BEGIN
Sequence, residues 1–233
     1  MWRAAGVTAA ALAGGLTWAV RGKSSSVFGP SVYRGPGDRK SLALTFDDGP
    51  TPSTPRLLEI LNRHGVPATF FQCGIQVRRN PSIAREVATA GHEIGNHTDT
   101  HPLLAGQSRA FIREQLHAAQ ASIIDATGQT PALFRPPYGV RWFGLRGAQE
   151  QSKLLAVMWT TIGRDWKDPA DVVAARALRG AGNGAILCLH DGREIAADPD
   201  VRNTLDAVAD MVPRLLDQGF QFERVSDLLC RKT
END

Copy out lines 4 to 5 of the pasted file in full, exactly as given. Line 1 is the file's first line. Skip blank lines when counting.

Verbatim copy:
   101  HPLLAGQSRA FIREQLHAAQ ASIIDATGQT PALFRPPYGV RWFGLRGAQE
   151  QSKLLAVMWT TIGRDWKDPA DVVAARALRG AGNGAILCLH DGREIAADPD